Bringing Russia down a few notches in its global standing suits American interests worldwide when it is feeling the heat of Moscow’s contestation in global politics.  

Curiously, the US does not take the “China factor” seriously. While there is no let-up in the United States’ confrontational policy toward China and a Cold War-style confrontation is crystallizing, Washington is confident that Beijing will not exacerbate the crisis by risking a military flashpoint through 2022 with the 20th Congress of the Communist Party of China due in the second half of the year. 

The consensus among US experts is that Chinese stagecraft will be almost exclusively focused in the coming months on consolidating President Xi Jinping’s legitimacy and power base within the party and country to steer through the CPC Congress his re-election for a third term, a momentous event in Chinese political history since Mao Zedong. 

While China’s Xi Jinping and Russia’s Vladimir Putin have close relations, domestic issues will likely keep Beijing on the sidelines. Photo: WikiCommons

The challenges ahead

Herein lies the great danger: With the challenging midterm elections due in November in the US, which Biden is almost certain to lose, he may visualize a political rebound by playing the Russia card, which enjoys bipartisan support. In strategic terms, the United States’ trans-Atlantic leadership also stands to gain. 

The Kremlin leadership faces an existential dilemma. On the one hand, having waded into the midstream, turning back is difficult. On the other hand, the status quo may be seized by NATO to complete the unfinished business of training Russia to become a dancing bear.  

However, what is being blithely overlooked is that in Kiev, there is also a savage power struggle brewing, as the recent attempt by President Volodymyr Zelensky to lock up his predecessor Petro Poroshenko in jail on sedition charges suggests.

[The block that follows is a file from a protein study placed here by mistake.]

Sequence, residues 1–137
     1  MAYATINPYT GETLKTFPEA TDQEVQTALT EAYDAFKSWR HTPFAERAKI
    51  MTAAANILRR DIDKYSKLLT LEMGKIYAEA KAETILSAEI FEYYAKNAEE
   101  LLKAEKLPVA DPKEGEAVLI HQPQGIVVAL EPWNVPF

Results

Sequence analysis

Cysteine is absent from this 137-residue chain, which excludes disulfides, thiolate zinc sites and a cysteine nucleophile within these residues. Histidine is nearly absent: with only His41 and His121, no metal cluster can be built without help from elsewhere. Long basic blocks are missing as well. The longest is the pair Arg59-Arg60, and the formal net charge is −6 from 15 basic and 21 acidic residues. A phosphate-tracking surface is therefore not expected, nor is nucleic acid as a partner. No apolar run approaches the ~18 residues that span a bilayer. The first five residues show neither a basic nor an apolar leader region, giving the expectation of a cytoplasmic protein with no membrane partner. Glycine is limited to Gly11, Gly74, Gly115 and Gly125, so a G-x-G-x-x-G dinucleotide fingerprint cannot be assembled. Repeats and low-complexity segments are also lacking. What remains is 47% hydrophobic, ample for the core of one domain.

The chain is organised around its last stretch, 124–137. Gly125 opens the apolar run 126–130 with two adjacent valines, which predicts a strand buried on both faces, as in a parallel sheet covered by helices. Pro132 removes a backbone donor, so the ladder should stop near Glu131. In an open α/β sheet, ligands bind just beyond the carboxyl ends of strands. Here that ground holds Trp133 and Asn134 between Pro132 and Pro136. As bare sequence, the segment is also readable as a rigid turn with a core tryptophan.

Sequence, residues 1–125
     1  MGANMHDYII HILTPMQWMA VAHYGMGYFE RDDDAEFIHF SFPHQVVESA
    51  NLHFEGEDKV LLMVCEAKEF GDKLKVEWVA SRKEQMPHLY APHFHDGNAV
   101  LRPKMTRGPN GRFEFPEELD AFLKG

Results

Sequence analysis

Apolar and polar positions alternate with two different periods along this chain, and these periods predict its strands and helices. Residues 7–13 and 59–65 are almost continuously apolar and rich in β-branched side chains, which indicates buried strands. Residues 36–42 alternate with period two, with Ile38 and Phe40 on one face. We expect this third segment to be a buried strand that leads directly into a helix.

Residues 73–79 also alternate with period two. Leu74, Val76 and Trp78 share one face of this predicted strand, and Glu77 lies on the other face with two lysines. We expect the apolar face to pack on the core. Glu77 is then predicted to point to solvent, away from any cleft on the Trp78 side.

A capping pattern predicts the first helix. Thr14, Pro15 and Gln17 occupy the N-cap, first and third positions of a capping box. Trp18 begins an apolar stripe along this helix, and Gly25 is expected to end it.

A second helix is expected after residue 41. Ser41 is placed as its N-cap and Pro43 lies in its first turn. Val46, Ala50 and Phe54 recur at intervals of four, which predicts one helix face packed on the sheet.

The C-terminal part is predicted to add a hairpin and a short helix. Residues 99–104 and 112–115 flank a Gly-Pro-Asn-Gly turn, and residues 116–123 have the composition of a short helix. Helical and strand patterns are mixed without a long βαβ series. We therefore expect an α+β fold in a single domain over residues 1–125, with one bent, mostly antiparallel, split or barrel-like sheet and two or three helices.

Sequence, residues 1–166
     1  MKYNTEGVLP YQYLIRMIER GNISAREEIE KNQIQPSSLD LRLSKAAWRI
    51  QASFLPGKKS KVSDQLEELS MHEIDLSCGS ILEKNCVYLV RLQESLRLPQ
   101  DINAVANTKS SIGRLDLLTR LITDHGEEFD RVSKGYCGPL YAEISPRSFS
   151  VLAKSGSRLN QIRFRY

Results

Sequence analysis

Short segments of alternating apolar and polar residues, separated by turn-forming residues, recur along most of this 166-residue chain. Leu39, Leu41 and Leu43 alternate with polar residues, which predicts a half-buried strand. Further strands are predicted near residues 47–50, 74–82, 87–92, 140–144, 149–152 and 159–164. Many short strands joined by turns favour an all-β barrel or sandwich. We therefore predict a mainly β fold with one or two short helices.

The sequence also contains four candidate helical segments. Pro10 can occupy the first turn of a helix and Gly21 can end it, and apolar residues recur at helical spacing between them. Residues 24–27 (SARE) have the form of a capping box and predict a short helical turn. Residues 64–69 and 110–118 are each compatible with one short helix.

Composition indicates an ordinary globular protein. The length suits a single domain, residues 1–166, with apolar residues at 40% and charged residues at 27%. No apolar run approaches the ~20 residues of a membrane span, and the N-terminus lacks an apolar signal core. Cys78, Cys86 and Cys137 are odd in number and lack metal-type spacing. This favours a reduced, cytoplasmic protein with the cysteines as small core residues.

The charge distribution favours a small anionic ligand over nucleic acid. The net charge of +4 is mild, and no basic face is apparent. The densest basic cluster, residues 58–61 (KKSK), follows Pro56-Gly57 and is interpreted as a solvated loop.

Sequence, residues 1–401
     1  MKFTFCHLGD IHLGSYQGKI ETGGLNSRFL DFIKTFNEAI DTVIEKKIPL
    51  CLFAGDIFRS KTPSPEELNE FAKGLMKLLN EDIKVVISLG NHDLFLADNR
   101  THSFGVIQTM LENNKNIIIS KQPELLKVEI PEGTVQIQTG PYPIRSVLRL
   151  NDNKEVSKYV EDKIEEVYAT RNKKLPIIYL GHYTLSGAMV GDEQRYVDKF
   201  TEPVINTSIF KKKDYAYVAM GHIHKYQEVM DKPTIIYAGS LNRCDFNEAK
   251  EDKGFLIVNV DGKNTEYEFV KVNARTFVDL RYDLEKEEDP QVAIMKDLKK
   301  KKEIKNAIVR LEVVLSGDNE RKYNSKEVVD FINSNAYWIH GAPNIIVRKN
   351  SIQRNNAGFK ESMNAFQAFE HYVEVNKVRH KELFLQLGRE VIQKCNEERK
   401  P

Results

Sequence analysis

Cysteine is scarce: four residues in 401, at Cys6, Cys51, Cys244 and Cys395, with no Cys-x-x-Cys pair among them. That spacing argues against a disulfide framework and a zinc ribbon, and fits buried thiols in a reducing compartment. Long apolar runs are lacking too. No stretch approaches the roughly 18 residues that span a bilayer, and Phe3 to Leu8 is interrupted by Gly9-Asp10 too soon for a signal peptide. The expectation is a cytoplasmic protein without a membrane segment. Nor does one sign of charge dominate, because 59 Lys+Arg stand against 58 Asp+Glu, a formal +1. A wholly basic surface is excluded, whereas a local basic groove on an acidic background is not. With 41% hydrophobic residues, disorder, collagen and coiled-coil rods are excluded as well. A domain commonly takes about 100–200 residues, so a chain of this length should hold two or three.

The Pandora Papers have revealed that Zelensky founded a network of offshore companies and his former business partner and employer, a Ukrainian banking and media tycoon named Ihor Kolomoisky (who is also sanctioned by Washington), allegedly laundered US$5.5 billion through a tangle of shell companies. 

In September in Kiev, someone tried to murder Serhiy Shefir, a friend and business partner who is believed to have created a network of offshore entities for Zelensky and others. 

Meanwhile, the stink involving then-vice-president Biden’s son Hunter’s direct link to a corrupt Ukrainian company and its owner still pollutes the air. Forbes magazine recently wrote: “It’s consensus now that Hunter’s foreign relations have hurt American foreign policy in Ukraine.”

The internal and external political changes in Ukraine need to be taken seriously. They may turn out to be the “missing link” in the US narrative. Even if the Biden administration pretends not to notice, Moscow must be watching closely. 

This article was produced in partnership by Indian Punchline and Globetrotter, which provided it to Asia Times.

M K Bhadrakumar is a former Indian diplomat.